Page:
What Is Glaucoma?
Glaucoma is a group of eye diseases that can damage the eye’s optic nerve and result in blindness. It is a complex eye disease often associated with elevated intraocular pressure. The production, flow, and drainage of intraocular fluid is an active, continuous process that is needed to maintain a healthy level of pressure within the eye. With glaucoma, the fluid does not flow through the trabecular meshwork properly. Over time, eye pressure increases, damaging the optic nerve fibers. The optic nerve delivers visual information from the eye to the brain like a telephone cable. Once the optic nerve is damaged, permanent vision loss can occur.
In the vast majority of cases, especially in the early stages of the disease, there are few signs or symptoms. Glaucoma usually occurs in both eyes, but extra fluid pressure often starts to build up in one eye first. At first, glaucoma has NO symptoms. Vision is normal, and there is no pain. If glaucoma remains untreated, people may notice that although they see things clearly in front of them, they miss objects to the side and out of the corner of their eye. Without treatment, people with glaucoma may find that they have lost most of their side vision. It may seem as though they are looking through a tunnel. Over time, the remaining central vision may decrease until there is no vision left.
In later stages of the disease, symptoms can include:
- Slow loss of side or peripheral vision
- Hazy vision
- Eye and head pain
- Nausea or vomiting
- Sudden sight loss
- An inability to adjust the eye to darkened rooms
- Difficulty focusing on close work
- Rainbow-colored rings or halos around lights
- Frequent need to change eyeglass prescriptions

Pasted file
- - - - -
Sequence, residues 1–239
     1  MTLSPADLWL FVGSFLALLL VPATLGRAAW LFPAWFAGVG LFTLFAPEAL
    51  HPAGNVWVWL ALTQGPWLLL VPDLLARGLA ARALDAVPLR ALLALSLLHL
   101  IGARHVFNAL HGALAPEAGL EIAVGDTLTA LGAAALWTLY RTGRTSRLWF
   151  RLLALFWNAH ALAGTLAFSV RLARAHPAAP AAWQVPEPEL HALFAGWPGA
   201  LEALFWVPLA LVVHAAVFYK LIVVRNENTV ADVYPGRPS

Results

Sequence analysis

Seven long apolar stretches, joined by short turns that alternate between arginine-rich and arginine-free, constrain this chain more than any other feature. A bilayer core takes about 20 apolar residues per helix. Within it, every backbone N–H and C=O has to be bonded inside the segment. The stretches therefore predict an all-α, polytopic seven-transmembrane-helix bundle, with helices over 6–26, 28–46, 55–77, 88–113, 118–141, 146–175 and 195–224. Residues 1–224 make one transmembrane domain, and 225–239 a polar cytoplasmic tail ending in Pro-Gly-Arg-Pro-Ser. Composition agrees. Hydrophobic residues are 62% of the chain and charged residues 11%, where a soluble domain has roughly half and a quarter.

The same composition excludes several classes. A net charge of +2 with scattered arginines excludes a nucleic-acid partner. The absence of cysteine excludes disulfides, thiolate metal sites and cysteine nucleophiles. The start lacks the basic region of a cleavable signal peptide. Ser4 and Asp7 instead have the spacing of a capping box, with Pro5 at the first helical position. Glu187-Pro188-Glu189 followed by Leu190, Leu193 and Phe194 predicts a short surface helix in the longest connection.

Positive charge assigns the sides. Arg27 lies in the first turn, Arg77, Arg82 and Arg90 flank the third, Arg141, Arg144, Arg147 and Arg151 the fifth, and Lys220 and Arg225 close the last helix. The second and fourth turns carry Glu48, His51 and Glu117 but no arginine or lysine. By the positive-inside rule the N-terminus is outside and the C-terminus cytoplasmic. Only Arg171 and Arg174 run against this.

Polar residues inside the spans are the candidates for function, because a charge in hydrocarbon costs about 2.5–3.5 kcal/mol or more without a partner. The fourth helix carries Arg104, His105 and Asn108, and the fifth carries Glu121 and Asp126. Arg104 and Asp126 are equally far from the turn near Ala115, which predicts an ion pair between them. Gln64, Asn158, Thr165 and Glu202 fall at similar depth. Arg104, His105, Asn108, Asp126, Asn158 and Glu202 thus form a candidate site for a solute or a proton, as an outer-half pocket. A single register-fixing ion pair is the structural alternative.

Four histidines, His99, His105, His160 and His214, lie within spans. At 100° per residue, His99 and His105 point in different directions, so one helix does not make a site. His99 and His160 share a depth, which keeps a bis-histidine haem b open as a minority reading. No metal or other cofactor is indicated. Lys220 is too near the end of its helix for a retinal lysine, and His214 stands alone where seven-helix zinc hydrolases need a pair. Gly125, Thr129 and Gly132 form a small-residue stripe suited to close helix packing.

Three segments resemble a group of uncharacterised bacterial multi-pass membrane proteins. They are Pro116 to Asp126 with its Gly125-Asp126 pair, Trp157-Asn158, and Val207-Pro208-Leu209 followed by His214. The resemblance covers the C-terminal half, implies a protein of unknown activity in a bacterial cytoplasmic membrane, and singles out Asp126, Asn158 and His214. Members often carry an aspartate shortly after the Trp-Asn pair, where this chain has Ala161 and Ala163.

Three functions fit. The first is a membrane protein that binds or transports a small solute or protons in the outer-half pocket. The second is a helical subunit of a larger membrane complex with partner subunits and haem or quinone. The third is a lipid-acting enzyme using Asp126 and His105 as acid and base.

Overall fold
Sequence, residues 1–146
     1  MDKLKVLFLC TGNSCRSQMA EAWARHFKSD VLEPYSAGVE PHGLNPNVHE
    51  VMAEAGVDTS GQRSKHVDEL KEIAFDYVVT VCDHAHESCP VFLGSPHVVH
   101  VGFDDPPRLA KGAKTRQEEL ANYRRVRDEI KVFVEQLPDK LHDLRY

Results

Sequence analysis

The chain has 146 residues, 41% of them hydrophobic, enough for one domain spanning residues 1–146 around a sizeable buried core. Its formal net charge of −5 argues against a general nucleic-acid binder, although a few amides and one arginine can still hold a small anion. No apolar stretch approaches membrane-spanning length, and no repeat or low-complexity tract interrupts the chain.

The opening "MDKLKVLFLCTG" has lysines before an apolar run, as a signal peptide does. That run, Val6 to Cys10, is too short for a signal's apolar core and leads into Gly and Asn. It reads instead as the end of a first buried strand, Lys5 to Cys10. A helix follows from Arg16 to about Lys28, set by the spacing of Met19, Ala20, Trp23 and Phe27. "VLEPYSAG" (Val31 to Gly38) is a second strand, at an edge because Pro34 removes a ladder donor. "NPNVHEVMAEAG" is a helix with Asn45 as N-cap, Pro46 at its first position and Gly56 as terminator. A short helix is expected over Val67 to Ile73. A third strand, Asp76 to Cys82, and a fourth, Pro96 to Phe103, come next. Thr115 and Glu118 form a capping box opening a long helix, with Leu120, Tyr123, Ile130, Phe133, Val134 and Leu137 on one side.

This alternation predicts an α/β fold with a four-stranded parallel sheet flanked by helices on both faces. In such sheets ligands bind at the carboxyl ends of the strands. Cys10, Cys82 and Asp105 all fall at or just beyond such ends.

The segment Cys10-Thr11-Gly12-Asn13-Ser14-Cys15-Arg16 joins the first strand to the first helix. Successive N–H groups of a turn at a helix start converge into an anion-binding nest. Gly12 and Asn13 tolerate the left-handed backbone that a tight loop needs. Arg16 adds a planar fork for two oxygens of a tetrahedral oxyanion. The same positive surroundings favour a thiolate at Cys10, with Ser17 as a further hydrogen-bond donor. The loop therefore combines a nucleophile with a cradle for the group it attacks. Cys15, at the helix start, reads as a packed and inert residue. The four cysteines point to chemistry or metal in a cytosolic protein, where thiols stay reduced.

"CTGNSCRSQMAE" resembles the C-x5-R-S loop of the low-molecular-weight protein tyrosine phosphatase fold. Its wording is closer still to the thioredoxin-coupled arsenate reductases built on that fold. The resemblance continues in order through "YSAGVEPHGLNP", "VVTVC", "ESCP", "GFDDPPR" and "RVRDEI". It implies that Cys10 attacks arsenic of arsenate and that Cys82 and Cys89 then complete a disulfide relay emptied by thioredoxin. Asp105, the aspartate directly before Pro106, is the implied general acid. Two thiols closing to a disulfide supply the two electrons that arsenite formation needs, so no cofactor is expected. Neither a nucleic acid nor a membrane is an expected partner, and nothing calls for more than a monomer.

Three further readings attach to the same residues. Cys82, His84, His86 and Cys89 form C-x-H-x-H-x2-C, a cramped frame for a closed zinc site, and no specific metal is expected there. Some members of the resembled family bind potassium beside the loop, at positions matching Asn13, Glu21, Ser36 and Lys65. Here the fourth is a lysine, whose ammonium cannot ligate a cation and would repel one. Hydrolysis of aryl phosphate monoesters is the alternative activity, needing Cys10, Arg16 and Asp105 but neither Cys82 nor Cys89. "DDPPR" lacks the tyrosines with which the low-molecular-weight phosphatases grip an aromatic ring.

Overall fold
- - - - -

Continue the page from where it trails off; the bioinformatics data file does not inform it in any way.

Who Is At Risk Of Developing Glaucoma?
While everyone is at risk of developing glaucoma, some demographic groups are more likely to be affected by the disease. If you are Hispanic, African American, over the age of 60, or have a family history of glaucoma, you have a higher risk of developing glaucoma. For example, glaucoma is fifteen times more likely to cause blindness in African Americans than caucasians.
People with pre-existing conditions like diabetes or hypertension are also more likely to suffer from glaucoma.
Dr. Amanda Baden, one of our optometrists who specializes in glaucoma diagnosis and treatment, explains why glaucoma is so important to be aware of.
Be compliant with your medications and use as prescribed. When applying your drops, wait ten minutes in between medications to allow time for absorption. Apply light pressure to the inside of your eye at the tear duct for a full minute after inserting a drop. This will prevent the medication from draining into your nasal cavity and increases it’s effectiveness by up to 50%. Use the index finger of your non-dominant hand to open the lower lid and the thumb of your dominant hand as a guide and to rest on your index finger.
The goal of frequent testing is to detect and treat vision loss or optic nerve damage before it becomes permanent. Patients who are treated for glaucoma should be seen every 3-6 months to monitor the intraocular pressure, optic nerve damage, and peripheral vision.
Glaucoma medications are used to treat elevated pressure inside the eye and can be effective in delaying the onset of glaucoma. In some cases, we may recommend surgery and likely, you will continue to use glaucoma medications even after surgery.
At first, glaucoma has no symptoms but as it remains untreated, people may notice that although they see things clearly in front of them, they miss objects to the side and out of the corner of their eye.
It is a complex eye disease where circulation of the fluid in the eye is disrupted.